Perhaps we are wrong to look for our earlier, better selves in a religious, spiritual text. We need to go to stories, which are the best guide to a people and to how they lived. Which is why our two epics are still alive; the characters are people we know as well as we do our families and friends, the people and the events in the Mahabharata still a point of reference to much that happens in our lives.

Both the epics are full of Dharma – an ideal not always attainable. In the Mahabharata, in spite of the word Dharma being the keynote of the story, Adharma flourishes. Everyone indulges in wrong acts, even Krishna, when he finds Arjuna vacillating, not giving his best to the fight.

It was only after reading Iravati Karve’s Yuganta that I realised that the characters in the epic are flawed erring humans, not the larger-than-life characters we imagine them to be. It was a kind of turning point in my thinking and writing life. I could never look at the Mahabharata with the same vision ever again.

With this new vision, an episode in the epic that happened before the war, one of the best-known and most dramatic stories in the Mahabharata, gave me some very surprising truths. Almost everyone knows this story, but perhaps it can do with another retelling. So listen:

The Pandavas were invited to play a game of dice by Shakuni, the evil spirit of the Kauravas. Yudhishtira played and rapidly lost his property, his kingdom, his brothers, and finally himself. When it seemed he had nothing more to wager, Shakuni prompted him. “You have Draupadi,” he said. And a desperate Yudhishtira, hoping, like all gamblers, that his luck would change, wagered his wife. And lost.

Duryodhana was gleeful, triumphant. This was the moment he had been waiting for, for years. He immediately sent a messenger to Draupadi, to tell her that her husband had lost her and she was now their slave. Ask her to come here, he ordered.

Draupadi was stunned by this message. How could she, a queen, become a slave? Recovering, she told the messenger, “Go and ask the man who played the game of dice whether he lost himself first or me?” The messenger came back saying, “They want you to go there and ask the question.” She sent back the same message.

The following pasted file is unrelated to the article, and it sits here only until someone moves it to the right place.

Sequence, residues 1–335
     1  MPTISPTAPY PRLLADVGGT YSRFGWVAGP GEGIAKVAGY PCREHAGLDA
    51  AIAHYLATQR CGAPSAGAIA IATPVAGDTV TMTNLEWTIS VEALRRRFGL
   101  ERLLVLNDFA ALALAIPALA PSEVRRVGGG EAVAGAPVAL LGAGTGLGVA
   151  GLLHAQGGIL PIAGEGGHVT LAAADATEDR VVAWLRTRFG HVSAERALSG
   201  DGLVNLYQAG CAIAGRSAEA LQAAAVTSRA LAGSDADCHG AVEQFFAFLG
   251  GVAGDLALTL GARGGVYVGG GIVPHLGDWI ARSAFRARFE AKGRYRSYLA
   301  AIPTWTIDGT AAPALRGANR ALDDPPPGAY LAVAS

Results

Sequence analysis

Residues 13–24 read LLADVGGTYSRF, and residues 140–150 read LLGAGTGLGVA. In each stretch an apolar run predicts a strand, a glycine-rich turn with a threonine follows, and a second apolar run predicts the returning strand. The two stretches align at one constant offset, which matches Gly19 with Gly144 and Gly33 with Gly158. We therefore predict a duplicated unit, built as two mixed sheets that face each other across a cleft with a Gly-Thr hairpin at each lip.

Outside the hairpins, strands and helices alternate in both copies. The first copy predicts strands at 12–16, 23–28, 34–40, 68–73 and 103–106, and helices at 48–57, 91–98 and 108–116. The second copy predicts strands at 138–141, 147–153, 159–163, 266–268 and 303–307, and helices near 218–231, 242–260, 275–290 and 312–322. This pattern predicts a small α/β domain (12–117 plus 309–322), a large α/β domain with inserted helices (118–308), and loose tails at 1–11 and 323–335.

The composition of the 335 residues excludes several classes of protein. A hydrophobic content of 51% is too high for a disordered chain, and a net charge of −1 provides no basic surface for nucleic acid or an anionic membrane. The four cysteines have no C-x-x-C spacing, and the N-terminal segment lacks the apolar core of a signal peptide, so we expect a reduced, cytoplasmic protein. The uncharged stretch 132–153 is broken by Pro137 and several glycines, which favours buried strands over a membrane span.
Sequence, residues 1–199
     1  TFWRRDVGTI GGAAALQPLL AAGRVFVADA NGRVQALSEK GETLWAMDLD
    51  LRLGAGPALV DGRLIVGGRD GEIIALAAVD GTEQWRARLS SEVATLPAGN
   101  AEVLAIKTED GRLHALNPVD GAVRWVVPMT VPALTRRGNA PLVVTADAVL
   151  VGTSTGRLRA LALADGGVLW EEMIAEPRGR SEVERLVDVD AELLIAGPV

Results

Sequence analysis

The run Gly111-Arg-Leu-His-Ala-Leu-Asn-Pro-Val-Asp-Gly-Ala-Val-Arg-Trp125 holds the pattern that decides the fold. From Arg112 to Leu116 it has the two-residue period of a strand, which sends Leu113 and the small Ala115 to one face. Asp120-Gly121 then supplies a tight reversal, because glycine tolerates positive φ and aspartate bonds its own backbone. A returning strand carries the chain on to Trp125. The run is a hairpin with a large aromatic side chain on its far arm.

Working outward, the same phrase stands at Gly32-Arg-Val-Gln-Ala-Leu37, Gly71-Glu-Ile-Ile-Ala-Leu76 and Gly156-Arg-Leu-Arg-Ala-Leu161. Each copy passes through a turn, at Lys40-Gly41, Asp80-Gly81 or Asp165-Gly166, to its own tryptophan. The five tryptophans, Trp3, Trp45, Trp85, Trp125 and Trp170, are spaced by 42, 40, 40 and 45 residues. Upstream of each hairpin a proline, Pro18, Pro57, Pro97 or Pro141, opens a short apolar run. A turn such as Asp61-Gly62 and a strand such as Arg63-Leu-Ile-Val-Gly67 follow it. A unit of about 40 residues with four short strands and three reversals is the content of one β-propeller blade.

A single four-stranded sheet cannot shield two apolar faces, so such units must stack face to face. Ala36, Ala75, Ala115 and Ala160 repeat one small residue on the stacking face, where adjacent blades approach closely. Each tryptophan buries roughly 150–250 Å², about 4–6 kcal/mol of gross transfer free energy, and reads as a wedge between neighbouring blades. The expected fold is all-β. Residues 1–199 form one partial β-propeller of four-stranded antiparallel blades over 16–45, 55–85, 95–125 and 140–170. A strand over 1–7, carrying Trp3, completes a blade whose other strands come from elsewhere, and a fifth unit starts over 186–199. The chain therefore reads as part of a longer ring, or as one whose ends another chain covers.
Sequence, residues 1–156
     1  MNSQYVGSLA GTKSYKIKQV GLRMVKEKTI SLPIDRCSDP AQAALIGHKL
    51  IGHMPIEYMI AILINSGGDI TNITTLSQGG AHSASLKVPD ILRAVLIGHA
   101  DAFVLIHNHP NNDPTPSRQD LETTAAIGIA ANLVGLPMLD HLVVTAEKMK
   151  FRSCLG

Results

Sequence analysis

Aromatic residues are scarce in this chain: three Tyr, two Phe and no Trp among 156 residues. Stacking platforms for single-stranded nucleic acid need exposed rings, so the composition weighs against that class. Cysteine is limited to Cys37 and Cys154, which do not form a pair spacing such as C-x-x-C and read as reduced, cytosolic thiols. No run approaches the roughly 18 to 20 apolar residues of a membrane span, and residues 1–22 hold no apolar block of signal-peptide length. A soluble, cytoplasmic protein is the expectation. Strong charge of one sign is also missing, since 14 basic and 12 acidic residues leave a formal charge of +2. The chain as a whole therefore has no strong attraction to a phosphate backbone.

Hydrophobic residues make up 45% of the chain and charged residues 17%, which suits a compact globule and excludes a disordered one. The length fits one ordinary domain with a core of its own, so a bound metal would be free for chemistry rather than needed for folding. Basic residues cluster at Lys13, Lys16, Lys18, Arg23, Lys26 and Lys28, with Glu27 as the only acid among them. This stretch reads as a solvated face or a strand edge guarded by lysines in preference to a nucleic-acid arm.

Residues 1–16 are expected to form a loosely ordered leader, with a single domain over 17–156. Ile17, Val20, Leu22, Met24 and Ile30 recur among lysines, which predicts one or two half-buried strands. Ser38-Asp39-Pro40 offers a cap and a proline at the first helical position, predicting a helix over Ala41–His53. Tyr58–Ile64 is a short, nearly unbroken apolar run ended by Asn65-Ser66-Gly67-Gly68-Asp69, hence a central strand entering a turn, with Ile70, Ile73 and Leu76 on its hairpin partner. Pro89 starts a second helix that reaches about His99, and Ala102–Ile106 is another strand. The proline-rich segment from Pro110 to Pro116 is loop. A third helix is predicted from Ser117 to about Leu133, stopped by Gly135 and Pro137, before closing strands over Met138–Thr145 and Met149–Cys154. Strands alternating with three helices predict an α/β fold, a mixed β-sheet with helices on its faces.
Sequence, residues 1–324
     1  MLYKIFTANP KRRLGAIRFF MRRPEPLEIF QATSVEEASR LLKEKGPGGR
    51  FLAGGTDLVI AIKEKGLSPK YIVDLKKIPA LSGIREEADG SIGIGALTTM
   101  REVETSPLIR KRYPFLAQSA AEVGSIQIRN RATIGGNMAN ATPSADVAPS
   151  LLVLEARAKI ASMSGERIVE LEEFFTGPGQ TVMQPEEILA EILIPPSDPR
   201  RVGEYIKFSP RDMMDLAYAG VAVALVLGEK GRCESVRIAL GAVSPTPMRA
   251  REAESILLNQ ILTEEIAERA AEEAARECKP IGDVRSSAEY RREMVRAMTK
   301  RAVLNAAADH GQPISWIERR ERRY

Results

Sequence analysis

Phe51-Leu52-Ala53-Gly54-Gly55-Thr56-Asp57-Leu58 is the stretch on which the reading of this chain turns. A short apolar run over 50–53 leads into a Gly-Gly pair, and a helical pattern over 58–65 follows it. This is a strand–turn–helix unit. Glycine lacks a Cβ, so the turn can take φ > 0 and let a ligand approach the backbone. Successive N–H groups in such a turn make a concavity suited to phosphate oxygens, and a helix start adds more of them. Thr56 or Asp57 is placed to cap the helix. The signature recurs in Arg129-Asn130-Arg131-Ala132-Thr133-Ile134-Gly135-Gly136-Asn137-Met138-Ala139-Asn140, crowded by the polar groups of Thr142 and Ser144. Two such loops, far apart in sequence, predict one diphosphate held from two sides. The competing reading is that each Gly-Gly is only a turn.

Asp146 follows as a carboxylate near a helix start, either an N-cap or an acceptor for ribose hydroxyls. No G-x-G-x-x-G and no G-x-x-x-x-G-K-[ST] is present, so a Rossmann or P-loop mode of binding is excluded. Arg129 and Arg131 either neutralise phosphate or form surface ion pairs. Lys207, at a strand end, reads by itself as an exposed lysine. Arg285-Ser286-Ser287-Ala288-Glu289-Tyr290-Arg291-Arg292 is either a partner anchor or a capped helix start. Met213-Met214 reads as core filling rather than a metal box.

Now Duryodhana was furious. He sent his brother Duhshasana this time. Duhsasana, as impatient as Duryodhana, sped to the women’s rooms, calling out for Draupadi in disrespectful, dishonourable words. Draupadi, terrified, fled, trying to get to Gandhari. Duhshasana chased her, held her by her hair and dragged her into the assembly, in spite of Draupadi’s repeated pleas to let her go, in spite of her telling him bluntly that she was having her periods. (One can imagine how hard it must have been to say this aloud in public.)

The men were stunned when they saw Draupadi, a proud woman, a queen, in this state! Draupadi ignored the gleeful, leering Kauravas, ignored her husbands who seemed to have been struck dumb and addressed the elders of the family – Dhritarashtra, Bhishma, Vidura, Drona, Kripa. “How could you let this happen?” she asked them. They were silent. And then, once again, she asked her original question: “Did the King (Yudhishtira) lose himself first or did he lose me earlier?”

Unheroic heroes

Iravati Karve calls this question Draupadi’s greatest mistake. Whatever the answer, Draupadi was in a situation fraught with danger. If her husband had lost himself first, he became a slave who could own no property. What did that make Draupadi then? Whereas, if Yudhishtira had a right to wager her, she would, like the rest of them, become a slave of the Kauravas.